W3C home > Mailing lists > Public > www-style@w3.org > December 1998

Re: 16px default, SI meter (Re: platform-specific font size issues)

From: Todd Fahrner <fahrner@pobox.com>
Date: Wed, 16 Dec 1998 17:43:45 -0800
Message-Id: <v04011702b29dfdcfd0b1@[]>
To: Susan Lesch <lesch@macvirus.com>, www-style@w3.org
Thus spake Susan Lesch :

 " If you are looking for a new definition for the reference pixel,
 perhaps, like DSSSL and early XSL, CSS lengths could be based on the SI
 meter? Or are inches becoming a U.N. recommendation? :-)

By my reading of CSS1, the "real" suggested reference pixel is a degree of
visual angle. The conversion to inches (1/90") merely provides an example
of what this works out to at arm's length. Wonder if Hakon or Bert can

 " > The appropriate corrective measure, I submit, is for Mac (and X11?)
 " > browsers to break with tradition and ship with the default value of
 " > "medium" text set at 16px, instead of 12pt.
 " Microsoft tried something like this in MSIE 4.0 Mac, where 'medium' was
 increased to 14. They changed it back to 12 in version 4.01.

Are you sure about that? I hadn't noticed. That was a "trade-show special"
release - loaded with bugs. Tantek - was there an experiment in 4.0? Or was
this just a bug?

 " I don't know about UNIX setups, but your suggestion seems to work fine
 with the new 1.2 scaling factor between keywords in CSS2 [1]:
 " xx-small  9.24 (for most fonts, the smallest readable size on a Mac)

Good point. Actually, 9px (literal pixels) is the smallest legible size for
just about any bicameral script on any platform. Try it. Note that Netscape
4 and current NGLayout builds mis-render 9px at the illegible 8px, however.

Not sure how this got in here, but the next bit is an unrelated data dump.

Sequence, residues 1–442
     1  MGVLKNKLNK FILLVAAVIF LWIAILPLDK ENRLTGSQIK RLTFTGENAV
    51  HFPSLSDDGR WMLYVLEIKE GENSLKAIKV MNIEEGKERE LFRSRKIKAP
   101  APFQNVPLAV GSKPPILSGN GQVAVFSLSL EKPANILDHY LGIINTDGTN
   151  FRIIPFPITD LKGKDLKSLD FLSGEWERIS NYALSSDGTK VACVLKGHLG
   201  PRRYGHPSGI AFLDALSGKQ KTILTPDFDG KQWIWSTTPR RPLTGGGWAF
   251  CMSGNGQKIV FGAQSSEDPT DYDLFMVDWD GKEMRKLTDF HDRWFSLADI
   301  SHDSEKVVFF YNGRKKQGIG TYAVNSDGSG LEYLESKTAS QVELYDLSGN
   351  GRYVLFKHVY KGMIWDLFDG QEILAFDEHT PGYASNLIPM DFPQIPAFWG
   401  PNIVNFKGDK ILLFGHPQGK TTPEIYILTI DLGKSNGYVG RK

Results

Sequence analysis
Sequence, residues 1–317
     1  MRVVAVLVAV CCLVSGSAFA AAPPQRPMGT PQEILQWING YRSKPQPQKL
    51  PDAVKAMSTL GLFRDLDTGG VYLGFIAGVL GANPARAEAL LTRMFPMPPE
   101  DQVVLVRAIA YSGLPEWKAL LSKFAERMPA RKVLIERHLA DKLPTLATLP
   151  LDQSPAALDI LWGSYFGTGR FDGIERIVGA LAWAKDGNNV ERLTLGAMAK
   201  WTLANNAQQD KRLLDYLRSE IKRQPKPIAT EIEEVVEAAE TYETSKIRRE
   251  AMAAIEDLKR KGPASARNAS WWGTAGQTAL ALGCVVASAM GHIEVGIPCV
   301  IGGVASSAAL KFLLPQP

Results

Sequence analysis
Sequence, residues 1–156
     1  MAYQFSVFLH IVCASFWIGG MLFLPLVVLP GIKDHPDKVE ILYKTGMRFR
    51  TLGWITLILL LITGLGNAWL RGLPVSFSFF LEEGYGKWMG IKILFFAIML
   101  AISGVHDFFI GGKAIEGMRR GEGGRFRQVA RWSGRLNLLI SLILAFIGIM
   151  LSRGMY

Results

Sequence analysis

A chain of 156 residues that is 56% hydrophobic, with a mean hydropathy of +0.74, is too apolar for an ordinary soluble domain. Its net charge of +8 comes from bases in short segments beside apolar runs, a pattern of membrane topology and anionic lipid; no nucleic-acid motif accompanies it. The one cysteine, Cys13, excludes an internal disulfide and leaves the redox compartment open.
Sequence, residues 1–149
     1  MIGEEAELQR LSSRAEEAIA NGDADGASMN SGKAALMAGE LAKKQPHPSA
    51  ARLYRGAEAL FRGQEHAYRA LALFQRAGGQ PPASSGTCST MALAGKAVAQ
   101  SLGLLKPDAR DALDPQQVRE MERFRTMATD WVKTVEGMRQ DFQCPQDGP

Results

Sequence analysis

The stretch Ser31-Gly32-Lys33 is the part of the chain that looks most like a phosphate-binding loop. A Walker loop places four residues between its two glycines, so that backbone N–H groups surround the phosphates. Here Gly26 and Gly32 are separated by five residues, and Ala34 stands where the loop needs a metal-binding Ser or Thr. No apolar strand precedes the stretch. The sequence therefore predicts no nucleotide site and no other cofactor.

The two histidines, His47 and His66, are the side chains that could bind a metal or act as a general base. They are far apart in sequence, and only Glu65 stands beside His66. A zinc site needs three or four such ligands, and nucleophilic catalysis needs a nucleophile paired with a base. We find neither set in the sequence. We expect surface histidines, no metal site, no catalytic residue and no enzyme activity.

" x-small  11.08
 " small    13.33
 " medium   16
 " large    19.2
 " x-large  23.04
 " xx-large 27.65
 " (My only worry is that such large type takes up so much screen real
 estate that it might make navigation slower and more complex on all but
 the most high-end setups for many years to come.)

Heh. 200 million Windows installs can't be wrong, can they? 16px is the
current Windows UA default. Hence all the Web designers trying to crank it
down, redundantly with user efforts, and to the great detriment of
readability on the 12px-base Mac.

There's a danger in taking this 1.2 scaling factor too literally. If
"medium" starts out below 16px, then xx-small is guaranteed to be illegible
unless you adjust.

Here's a thought experiment in how the keyword values could adapt as the
user changes hir "medium" value:

If medium is 16px, then the following values should obtain for the keywords:
xx-small  9px
x-small  12px
small    14px
medium   --
large    20px
x-large  24px
xx-large 28px

If medium is 14px...:
xx-small  9px
x-small  10px
small    12px
medium   --
large    18px
x-large  22px
xx-large 26px

If medium is 12px...:
xx-small  9px
x-small  10px
small    11px
medium   --
large    14px
x-large  18px
xx-large 22px

...and so on.

The upshot? UI should caution users against setting the value of "medium"
to below 12px, as it will be hard/impossible to render the various small
values distinctly and legibly beneath such a base.

Next you'd need to make sure that the ex-height of the user's serif, sans,
script, and "fantasy" default fonts got recorded in the user/UA default.
Then whenever another face was specified, the UA could apply the font-size
adjust property to normalize the ex-heights across default and specified

Todd "I want my ex-unit!" Fahrner
Received on Wednesday, 16 December 1998 20:43:59 UTC

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